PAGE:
FAO Submission

Document Sample
FAO Submission Powered By Docstoc
					UNITED
NATIONS                                                                                                                 EP
                                                                                                 UNEP/IPBES/1/INF/2/Rev.1
                                                                                                 Distr.: General
                    United Nations                                                               11 November 2008
                    Environment                                                                  Original: English
                    Programme



Ad hoc intergovernmental and multi-stakeholder meeting on an
intergovernmental science-policy platform on biodiversity
and ecosystem services
Kuala Lumpur, 10–12 November 2008
Item 3 (a) of the provisional agenda*
Consideration of an intergovernmental science-policy
platform on biodiversity and ecosystem services:
objectives and functions of an intergovernmental science-policy
platform on biodiversity and ecosystem services



               Submission by the Food and Agriculture Organization of the United
               Nations

               Note by the secretariat

                       The annex to the present note contains a submission by the Food and Agriculture Organization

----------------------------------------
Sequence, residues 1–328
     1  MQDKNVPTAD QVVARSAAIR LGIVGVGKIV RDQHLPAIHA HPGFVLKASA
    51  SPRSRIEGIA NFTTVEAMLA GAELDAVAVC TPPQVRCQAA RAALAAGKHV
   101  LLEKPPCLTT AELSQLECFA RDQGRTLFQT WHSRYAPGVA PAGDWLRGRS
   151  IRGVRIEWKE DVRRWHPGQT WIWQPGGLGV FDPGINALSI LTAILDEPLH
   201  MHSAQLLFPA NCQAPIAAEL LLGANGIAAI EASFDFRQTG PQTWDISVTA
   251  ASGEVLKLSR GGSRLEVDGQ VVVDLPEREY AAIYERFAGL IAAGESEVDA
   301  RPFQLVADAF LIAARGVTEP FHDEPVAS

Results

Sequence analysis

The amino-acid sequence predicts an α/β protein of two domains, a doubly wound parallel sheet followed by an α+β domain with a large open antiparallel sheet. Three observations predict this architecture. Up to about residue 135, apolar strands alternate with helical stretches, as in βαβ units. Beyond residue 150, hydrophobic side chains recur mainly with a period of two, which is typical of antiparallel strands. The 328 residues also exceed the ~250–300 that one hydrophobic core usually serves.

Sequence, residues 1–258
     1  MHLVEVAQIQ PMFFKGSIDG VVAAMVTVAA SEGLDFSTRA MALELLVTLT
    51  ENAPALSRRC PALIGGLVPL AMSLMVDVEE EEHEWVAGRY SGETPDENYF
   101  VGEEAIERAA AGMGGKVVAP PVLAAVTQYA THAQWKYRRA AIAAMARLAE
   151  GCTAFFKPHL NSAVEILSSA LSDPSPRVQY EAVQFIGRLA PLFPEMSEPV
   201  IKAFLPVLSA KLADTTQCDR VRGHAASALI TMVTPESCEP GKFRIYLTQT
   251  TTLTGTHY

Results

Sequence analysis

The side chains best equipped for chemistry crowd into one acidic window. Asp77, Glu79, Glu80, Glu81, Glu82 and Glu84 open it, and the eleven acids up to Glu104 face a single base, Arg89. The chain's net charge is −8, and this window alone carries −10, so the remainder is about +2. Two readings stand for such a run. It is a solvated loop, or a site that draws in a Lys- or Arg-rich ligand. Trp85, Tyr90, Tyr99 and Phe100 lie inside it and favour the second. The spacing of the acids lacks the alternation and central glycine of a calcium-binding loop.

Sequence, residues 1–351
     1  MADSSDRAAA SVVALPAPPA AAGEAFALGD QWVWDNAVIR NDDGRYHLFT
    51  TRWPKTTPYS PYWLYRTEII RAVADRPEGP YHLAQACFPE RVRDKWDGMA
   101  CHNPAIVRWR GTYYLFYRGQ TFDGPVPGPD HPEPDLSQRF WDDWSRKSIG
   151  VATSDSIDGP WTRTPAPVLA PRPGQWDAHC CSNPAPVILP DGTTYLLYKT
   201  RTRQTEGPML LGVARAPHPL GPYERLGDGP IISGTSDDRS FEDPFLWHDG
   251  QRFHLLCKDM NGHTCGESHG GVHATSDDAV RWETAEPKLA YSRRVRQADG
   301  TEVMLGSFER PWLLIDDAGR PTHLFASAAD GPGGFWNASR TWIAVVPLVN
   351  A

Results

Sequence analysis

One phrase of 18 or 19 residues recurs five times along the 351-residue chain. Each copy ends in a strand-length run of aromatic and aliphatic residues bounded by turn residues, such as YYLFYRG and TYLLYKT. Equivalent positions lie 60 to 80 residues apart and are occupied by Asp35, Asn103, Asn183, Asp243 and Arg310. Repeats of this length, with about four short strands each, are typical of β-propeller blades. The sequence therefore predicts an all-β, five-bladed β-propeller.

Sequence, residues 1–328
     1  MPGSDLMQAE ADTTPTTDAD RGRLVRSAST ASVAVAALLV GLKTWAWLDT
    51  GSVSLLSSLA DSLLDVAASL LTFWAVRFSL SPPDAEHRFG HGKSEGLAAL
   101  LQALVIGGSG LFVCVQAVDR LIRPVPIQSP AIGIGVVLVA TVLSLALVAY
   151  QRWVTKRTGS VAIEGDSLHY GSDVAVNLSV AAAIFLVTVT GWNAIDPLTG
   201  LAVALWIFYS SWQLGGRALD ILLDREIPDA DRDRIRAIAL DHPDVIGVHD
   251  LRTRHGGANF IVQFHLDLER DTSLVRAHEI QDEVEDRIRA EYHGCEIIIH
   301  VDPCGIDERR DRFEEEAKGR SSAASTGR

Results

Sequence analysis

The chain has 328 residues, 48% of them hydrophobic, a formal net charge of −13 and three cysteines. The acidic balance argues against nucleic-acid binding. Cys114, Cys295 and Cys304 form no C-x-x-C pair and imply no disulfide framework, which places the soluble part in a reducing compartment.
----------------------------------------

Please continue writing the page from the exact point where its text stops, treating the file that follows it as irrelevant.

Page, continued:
of the United Nations. The annex is being reproduced as submitted and has not been formally edited by
               the secretariat.




               *        UNEP/IPBES/1/1.
K0830669     111108


    For reasons of economy, this document is printed in a limited number. Delegates are kindly requested to bring their copies to
    meetings and not to request additional copies.
UNEP/IPBES/1/INF/2/Rev.1


Annex

              1.      Fighting hunger and achieving food security for all is at the heart of FAO’s efforts. Biological
              diversity and the related ecosystem services are of pivotal importance in achieving this goal. Objective
              information on and thorough analysis of the state of the world’s biodiversity are key requirements for
              the development of effective policies aiming at the conservation and sustainable use of biodiversity for